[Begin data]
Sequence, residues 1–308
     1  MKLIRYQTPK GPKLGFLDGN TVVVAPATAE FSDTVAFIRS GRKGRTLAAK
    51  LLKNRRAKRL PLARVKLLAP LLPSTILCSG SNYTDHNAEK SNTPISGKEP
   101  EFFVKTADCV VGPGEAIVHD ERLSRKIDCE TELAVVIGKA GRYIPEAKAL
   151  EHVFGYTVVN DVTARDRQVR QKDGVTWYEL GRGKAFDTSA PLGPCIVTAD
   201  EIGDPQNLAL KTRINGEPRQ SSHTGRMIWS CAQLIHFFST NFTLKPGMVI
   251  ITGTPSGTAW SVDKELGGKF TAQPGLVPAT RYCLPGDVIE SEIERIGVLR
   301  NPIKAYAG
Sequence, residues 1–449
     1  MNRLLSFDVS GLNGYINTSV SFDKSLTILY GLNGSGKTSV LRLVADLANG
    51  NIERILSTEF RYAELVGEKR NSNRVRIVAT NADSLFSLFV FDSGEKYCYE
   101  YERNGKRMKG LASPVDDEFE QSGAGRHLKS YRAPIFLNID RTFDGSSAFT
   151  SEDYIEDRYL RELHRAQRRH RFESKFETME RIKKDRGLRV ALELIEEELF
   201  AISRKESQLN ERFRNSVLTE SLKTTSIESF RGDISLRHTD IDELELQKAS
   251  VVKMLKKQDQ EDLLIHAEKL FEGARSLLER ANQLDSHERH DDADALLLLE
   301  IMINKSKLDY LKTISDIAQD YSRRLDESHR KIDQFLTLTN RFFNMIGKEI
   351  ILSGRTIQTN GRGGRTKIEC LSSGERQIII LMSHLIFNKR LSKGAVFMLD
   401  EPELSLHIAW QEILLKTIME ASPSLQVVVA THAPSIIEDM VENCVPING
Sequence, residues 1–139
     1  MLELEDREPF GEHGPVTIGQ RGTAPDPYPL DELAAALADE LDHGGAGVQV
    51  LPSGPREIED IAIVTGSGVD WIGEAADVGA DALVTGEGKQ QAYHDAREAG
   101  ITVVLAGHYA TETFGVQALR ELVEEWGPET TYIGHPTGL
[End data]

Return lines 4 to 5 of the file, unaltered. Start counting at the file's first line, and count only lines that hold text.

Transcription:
   101  EFFVKTADCV VGPGEAIVHD ERLSRKIDCE TELAVVIGKA GRYIPEAKAL
   151  EHVFGYTVVN DVTARDRQVR QKDGVTWYEL GRGKAFDTSA PLGPCIVTAD